So, as usual, a fraternity problem is attributed to the ignorance of fraternity members, the lack of zero-tolerance policies, and a lack of professional advice. This is not surprising to anyone familiar with how fraternity/sorority leaders have historically handled publicity crises. The aforementioned "solutions" may silence enough of the angry mob to get by until it hungers again for urgent pacification.
That said, we should expect that those predictable solutions will not result in more diverse or inclusive "historically white" fraternities. Moreover, they may have the opposite effect. I am not alone in this observation. In an article on Psychology Today, David Rock points to studies of similar initiatives in the corporate space. He writes that decreeing or lecturing a group of people to accept and celebrate a "different" group of people can exacerbate "us-them" tribalism.
I am not suggesting that your diversity and inclusion committee doesn't have the best of intentions. I can't say for sure that it will get everything wrong or that I am unquestionably correct. That being said, there is an obvious and simple way to make fraternities more inclusive: Make it easier for students to join, start, and lead fraternities.
Consider how the laundry list of requirements you probably call your "Standards of Excellence" make it difficult (or impossible) for students with jobs, with families, who commute, or who attend community colleges to join your organizations.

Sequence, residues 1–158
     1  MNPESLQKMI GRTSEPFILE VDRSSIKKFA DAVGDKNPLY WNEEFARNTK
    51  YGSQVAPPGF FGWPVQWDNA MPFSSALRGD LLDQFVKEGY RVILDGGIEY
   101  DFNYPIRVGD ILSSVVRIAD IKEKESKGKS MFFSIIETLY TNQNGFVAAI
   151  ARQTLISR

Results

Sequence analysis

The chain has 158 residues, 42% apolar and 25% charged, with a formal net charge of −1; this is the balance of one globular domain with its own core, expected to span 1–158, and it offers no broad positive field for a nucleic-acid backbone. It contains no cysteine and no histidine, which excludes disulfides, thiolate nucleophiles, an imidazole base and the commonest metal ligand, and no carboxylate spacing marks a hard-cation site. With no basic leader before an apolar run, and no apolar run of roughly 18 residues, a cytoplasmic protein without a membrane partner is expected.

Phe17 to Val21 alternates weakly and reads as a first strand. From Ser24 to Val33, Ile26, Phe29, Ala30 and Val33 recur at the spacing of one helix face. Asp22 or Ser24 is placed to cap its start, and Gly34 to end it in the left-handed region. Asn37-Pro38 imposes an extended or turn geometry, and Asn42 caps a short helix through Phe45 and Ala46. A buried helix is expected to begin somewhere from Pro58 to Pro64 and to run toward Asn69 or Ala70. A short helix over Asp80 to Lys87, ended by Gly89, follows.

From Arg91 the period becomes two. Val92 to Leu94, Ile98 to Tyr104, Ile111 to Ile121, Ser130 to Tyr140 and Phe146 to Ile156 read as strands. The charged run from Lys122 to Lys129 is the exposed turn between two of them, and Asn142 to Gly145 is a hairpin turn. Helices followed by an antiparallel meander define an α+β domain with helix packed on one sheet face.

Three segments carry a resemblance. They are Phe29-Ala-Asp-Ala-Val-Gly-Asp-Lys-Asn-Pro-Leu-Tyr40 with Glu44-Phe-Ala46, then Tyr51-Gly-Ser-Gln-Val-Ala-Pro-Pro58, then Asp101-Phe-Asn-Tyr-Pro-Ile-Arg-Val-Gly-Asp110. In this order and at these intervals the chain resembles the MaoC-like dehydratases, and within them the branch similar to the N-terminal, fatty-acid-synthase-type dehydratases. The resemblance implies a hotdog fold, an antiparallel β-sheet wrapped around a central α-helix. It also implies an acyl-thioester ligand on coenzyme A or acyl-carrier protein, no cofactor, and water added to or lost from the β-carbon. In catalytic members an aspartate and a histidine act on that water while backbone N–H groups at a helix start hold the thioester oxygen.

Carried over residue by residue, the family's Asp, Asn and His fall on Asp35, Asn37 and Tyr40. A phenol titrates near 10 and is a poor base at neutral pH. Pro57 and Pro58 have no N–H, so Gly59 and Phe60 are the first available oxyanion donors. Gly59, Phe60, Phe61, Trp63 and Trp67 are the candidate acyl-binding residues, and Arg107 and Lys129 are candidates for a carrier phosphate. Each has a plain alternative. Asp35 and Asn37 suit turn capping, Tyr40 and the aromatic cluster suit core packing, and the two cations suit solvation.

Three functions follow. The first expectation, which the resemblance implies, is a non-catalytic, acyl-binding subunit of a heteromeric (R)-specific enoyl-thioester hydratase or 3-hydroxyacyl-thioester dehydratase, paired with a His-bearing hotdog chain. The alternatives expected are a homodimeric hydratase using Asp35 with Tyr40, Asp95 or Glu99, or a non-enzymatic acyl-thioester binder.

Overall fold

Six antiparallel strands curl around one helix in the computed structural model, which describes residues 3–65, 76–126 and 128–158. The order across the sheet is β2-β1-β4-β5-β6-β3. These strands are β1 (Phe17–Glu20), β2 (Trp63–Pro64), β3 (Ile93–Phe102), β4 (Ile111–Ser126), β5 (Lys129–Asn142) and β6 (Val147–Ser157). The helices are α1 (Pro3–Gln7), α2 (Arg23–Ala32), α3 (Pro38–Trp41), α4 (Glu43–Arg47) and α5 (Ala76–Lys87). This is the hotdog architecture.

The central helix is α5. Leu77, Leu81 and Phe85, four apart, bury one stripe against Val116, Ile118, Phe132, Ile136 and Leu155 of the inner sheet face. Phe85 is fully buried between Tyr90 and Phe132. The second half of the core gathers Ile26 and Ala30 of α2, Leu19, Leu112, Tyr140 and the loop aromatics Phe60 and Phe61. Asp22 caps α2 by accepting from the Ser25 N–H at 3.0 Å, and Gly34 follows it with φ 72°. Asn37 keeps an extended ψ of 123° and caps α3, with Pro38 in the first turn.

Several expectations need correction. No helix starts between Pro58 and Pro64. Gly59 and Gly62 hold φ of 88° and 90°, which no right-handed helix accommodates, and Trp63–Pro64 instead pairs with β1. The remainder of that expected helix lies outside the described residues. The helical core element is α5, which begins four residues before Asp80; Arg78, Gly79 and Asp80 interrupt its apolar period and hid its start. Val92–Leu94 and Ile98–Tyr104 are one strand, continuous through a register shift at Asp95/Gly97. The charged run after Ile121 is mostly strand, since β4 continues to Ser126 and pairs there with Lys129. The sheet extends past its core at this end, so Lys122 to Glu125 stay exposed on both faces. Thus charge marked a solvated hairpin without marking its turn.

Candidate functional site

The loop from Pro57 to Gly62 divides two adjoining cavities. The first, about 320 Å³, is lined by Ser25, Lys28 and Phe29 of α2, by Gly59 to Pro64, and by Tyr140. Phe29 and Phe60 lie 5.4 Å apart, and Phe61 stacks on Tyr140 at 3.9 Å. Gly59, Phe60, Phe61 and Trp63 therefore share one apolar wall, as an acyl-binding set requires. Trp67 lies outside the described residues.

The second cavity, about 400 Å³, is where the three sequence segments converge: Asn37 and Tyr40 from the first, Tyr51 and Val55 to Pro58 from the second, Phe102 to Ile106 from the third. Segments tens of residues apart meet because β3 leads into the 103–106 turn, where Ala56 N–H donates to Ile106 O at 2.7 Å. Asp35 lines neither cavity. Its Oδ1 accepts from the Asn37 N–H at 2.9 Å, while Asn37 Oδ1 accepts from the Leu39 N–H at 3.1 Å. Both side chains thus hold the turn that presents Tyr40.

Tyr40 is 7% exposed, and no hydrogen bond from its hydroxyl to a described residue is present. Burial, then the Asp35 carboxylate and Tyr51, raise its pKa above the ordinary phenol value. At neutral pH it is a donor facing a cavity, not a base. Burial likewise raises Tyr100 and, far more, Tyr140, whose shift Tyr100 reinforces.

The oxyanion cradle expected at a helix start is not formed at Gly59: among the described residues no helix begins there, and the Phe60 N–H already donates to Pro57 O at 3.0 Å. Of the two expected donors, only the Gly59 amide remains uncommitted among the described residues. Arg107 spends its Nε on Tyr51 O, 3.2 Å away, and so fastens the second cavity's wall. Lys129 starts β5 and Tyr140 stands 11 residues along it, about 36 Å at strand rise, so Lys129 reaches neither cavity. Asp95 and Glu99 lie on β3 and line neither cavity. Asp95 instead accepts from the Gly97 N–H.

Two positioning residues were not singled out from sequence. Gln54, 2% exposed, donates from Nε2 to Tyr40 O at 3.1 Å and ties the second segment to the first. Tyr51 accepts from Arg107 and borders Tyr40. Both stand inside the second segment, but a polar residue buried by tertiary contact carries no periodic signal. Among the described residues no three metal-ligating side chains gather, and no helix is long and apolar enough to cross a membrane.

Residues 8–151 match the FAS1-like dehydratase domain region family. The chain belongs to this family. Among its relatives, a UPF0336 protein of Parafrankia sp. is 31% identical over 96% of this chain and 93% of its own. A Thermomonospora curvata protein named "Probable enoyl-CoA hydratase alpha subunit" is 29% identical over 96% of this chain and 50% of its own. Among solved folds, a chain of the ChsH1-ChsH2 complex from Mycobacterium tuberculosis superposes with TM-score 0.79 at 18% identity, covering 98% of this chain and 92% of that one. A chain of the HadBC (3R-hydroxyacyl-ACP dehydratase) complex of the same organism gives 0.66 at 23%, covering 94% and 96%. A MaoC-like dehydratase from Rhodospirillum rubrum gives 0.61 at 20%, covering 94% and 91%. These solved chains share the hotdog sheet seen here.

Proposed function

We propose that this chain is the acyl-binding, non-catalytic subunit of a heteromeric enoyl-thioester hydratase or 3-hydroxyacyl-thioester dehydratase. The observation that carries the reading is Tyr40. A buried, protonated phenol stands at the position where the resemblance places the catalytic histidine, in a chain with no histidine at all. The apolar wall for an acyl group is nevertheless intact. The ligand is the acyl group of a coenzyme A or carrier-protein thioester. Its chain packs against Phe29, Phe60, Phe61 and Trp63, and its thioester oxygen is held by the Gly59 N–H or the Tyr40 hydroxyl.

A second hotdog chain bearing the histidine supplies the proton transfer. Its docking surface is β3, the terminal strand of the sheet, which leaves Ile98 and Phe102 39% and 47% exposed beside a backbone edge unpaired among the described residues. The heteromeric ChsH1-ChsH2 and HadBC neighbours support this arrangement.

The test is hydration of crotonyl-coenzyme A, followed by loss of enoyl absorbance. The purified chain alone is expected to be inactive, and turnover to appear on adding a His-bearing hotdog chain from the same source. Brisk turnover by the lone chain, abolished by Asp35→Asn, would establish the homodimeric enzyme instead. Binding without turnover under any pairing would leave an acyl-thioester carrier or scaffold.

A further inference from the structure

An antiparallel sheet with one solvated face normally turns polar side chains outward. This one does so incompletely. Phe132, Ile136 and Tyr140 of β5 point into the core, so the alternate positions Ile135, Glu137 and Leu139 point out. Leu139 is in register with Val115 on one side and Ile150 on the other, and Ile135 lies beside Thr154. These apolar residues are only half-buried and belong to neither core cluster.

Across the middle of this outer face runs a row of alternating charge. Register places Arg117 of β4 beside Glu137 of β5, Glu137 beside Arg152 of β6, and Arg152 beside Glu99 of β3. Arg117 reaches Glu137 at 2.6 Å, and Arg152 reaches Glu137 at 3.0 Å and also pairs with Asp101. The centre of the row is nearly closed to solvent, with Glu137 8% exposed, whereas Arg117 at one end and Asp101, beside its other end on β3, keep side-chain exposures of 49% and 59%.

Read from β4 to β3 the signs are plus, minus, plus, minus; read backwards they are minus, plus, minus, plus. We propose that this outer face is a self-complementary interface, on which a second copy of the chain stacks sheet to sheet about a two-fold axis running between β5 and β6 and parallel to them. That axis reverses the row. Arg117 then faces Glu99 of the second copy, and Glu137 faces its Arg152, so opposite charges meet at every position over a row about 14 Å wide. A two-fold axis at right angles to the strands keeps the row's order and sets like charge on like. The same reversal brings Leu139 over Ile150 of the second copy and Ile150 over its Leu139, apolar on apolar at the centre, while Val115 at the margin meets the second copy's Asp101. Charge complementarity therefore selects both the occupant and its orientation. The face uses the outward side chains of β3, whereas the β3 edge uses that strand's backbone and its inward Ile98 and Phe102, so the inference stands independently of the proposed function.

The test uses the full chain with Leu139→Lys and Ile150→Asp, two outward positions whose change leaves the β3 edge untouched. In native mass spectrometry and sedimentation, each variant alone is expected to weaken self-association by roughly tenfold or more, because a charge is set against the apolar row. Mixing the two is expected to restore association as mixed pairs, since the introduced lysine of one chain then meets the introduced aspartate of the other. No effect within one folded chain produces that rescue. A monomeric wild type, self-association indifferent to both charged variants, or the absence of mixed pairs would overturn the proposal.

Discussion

Consider how new programs and professional positions affect the time and dollar commitment of your student members (and how that relates to the previous point).
Does adding another officer or chairman position to the list of required positions mean that the minimum size to be a "successful" chapter has increased? How might that affect recruitment standards?
Will interfraternal organizations, councils, and leaders stop preventing students from creating new fraternity organizations? Are you addressing the fact that it takes less time, less money, less politicking, and fewer people to start a business than a fraternity chapter? Are we preventing students from creating modern organizations with modern values?